To create my cube I had to mainly research basic information about my element, such as: Who discovered my element? How was it discovered? What is its state at room temperature? What is its melting and boiling point? Common uses, interesting characteristics, who named it and more. As well as a couple other questions I was curious about, like for example, why is gold valuable?

What new or familiar digital tools did you try to use as you worked through this project?

I mainly used google as I am more used to it and can use it to the best of my ability. I also looked at a couple youtube videos to get a bit more of an understanding about the element. I did try to use some other sources like the riverside library but since I am more familiar with just using google it was more efficient for me to just use it the most. I did however, pay closer attention to what kind of websites I was getting my information from, and made sure the information was real, instead of just looking at random ones that could’ve been edited by anyone. I also checked variety of sources before putting down the information instead of just one.

What was the process you used to investigate the topic?

I found it very helpful to use Ms Jackson’s note template. First I wrote down all the questions in a notebook, before trying to find the answers. If I found different answers on different websites for the same question, I would just pick the most common one, and the one that seemed the truest to me.

How did you verify and cite the information you found?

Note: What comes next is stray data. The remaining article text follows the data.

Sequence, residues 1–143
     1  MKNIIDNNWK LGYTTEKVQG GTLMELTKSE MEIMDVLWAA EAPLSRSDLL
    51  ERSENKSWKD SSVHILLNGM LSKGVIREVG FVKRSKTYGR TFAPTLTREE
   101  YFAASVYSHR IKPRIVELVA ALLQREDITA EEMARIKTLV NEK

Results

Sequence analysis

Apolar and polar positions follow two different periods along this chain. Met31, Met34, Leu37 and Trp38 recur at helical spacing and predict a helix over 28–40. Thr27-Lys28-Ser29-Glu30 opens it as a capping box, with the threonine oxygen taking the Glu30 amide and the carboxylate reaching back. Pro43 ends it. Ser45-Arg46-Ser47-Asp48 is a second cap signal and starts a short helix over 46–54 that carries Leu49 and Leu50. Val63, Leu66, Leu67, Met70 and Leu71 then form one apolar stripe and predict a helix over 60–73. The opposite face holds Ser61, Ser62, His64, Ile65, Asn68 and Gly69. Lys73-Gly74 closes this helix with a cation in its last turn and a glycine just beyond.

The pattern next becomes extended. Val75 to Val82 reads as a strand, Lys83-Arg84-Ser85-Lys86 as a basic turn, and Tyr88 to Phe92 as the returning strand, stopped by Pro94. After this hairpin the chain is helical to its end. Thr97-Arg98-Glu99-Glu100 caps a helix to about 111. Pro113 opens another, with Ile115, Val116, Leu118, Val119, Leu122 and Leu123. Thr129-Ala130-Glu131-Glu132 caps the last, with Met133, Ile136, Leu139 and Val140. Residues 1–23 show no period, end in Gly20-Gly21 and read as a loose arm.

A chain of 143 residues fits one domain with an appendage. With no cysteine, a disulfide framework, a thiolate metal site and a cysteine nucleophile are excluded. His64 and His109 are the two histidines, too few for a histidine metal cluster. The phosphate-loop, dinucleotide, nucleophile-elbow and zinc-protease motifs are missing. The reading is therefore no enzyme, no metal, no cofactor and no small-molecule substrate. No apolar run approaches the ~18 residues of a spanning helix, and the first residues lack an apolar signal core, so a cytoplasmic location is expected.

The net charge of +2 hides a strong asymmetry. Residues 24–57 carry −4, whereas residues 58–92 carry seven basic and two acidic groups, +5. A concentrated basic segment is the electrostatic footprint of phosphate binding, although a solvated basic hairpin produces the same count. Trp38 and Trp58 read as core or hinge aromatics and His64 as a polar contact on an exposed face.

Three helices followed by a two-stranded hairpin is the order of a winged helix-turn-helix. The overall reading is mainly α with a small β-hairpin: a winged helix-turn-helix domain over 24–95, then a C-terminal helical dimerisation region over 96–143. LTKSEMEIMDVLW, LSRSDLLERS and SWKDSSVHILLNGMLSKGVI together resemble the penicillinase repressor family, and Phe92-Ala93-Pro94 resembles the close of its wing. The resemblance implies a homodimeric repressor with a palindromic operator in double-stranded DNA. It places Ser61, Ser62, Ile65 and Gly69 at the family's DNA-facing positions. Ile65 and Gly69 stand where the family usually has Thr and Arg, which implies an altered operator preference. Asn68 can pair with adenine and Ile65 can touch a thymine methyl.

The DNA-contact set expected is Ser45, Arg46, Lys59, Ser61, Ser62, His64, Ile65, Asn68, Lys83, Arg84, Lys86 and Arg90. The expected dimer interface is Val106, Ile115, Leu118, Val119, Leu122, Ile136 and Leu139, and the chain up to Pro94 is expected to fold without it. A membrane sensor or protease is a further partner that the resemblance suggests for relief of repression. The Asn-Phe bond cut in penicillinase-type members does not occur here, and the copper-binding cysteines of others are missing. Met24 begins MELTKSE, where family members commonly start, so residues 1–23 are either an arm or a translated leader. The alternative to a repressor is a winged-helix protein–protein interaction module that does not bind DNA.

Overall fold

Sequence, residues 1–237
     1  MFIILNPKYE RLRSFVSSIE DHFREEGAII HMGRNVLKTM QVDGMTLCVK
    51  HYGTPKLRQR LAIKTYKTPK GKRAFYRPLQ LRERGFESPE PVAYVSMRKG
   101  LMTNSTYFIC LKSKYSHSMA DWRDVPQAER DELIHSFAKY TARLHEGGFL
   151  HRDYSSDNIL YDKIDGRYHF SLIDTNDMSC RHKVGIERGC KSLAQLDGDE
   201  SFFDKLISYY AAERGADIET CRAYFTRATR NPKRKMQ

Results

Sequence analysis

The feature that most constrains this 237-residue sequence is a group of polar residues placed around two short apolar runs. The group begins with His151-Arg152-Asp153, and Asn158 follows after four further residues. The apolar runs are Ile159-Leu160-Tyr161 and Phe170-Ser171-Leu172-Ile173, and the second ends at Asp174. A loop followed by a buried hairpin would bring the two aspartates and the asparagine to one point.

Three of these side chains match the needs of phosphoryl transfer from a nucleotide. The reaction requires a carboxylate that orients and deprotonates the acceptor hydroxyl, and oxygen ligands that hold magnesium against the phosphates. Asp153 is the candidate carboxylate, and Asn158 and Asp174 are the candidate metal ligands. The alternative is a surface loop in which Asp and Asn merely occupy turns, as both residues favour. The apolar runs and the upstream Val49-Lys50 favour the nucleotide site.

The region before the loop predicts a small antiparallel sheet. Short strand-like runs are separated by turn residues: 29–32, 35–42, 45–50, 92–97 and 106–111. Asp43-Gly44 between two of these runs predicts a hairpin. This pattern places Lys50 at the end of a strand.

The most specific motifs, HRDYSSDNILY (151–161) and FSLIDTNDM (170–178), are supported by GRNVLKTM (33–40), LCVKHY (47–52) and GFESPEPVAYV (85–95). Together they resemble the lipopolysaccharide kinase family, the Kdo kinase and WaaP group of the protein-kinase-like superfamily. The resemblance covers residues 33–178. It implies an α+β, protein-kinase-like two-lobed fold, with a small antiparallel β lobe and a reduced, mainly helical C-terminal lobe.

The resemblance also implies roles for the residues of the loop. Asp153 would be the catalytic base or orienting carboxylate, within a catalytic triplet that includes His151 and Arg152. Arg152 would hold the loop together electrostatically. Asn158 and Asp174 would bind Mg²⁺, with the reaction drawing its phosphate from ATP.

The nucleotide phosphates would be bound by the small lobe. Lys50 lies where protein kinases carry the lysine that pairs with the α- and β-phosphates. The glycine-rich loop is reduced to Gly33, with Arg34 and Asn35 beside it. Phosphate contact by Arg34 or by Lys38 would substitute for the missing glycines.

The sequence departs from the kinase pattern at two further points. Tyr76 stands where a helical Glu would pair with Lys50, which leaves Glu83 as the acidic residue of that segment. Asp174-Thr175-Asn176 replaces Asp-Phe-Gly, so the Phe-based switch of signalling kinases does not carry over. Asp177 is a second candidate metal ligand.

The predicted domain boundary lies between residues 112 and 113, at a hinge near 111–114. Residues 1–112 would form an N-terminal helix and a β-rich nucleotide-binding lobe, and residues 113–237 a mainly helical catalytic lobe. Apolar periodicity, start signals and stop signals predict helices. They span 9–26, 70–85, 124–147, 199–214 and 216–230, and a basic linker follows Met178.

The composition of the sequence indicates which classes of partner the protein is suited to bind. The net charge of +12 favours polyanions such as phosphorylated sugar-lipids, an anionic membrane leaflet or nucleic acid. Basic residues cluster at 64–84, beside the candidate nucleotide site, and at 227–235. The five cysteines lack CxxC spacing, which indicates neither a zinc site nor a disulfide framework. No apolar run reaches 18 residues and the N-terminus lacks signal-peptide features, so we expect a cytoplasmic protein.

I wrote down all the websites and sources I used at the bottom of the post, and on my cube. The way I verified that the information I was getting was true and real, was that I not only checked for who made the site, but I also checked more than one website for each answer to make sure the answers were the same, or similar everywhere.

How did the process of completing this challenge go? What could you have done better?

If I could go back and do it all again, I probably would’ve been more efficient with my time. Or at least plan it out better. I almost tried to do everything at once and got a little unorganized, so I had go back and fix some of it. Other than that I think the process went pretty well. I found a lot of good information and learned a lot about my element. I feel like since I took the time to look more carefully at the websites/sources I was using, all my information is better, and more realistic.







Science 9 Inquiry Project

What is a black hole, and how is it formed? 

Black holes are formed when big stars fall upon themselves or explode. This is called a supernova. Stars are made up of a lot of matter, so when there’s a supernova the matter from the dead star has no where to go so it comes together to form a black hole. There’s so much matter in a small space that it all packs together and creates a super strong gravitational pull, so that nothing, not even light can escape.

^This picture is showing the process of a supernova, which is a star falling upon itself or exploding. The matter from the star forms a black hole in its place.

^This is a picture of a black hole sucking in a big star.

This video is showing how a black hole is made after a star collapses.


  1.  http://hubblesite.org/reference_desk/faq/answer.php.id=56&cat=exotic
  2. https://www.nasa.gov/audience/forstudents/5-8/features/nasa-knows/what-is-a-black-hole-58.html
  3. https://science.nasa.gov/astrophysics/focus-areas/black-holes